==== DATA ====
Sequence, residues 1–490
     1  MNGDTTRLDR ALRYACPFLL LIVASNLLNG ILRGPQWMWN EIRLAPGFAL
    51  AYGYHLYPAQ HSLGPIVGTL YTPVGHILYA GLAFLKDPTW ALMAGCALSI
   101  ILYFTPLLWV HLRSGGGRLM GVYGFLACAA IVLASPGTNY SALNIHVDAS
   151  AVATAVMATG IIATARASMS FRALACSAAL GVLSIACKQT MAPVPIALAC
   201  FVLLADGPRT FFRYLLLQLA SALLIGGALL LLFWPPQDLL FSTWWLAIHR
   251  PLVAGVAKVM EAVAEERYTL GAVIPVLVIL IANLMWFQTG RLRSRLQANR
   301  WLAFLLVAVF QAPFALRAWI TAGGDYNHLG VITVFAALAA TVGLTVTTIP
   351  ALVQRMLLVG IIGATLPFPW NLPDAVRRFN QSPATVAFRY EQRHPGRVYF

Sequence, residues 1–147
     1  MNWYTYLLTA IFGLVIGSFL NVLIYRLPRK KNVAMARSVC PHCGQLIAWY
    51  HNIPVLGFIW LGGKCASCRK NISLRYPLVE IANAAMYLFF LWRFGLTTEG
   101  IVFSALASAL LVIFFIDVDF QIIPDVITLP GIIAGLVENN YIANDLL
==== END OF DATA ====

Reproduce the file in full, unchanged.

Sequence, residues 1–490
     1  MNGDTTRLDR ALRYACPFLL LIVASNLLNG ILRGPQWMWN EIRLAPGFAL
    51  AYGYHLYPAQ HSLGPIVGTL YTPVGHILYA GLAFLKDPTW ALMAGCALSI
   101  ILYFTPLLWV HLRSGGGRLM GVYGFLACAA IVLASPGTNY SALNIHVDAS
   151  AVATAVMATG IIATARASMS FRALACSAAL GVLSIACKQT MAPVPIALAC
   201  FVLLADGPRT FFRYLLLQLA SALLIGGALL LLFWPPQDLL FSTWWLAIHR
   251  PLVAGVAKVM EAVAEERYTL GAVIPVLVIL IANLMWFQTG RLRSRLQANR
   301  WLAFLLVAVF QAPFALRAWI TAGGDYNHLG VITVFAALAA TVGLTVTTIP
   351  ALVQRMLLVG IIGATLPFPW NLPDAVRRFN QSPATVAFRY EQRHPGRVYF

Sequence, residues 1–147
     1  MNWYTYLLTA IFGLVIGSFL NVLIYRLPRK KNVAMARSVC PHCGQLIAWY
    51  HNIPVLGFIW LGGKCASCRK NISLRYPLVE IANAAMYLFF LWRFGLTTEG
   101  IVFSALASAL LVIFFIDVDF QIIPDVITLP GIIAGLVENN YIANDLL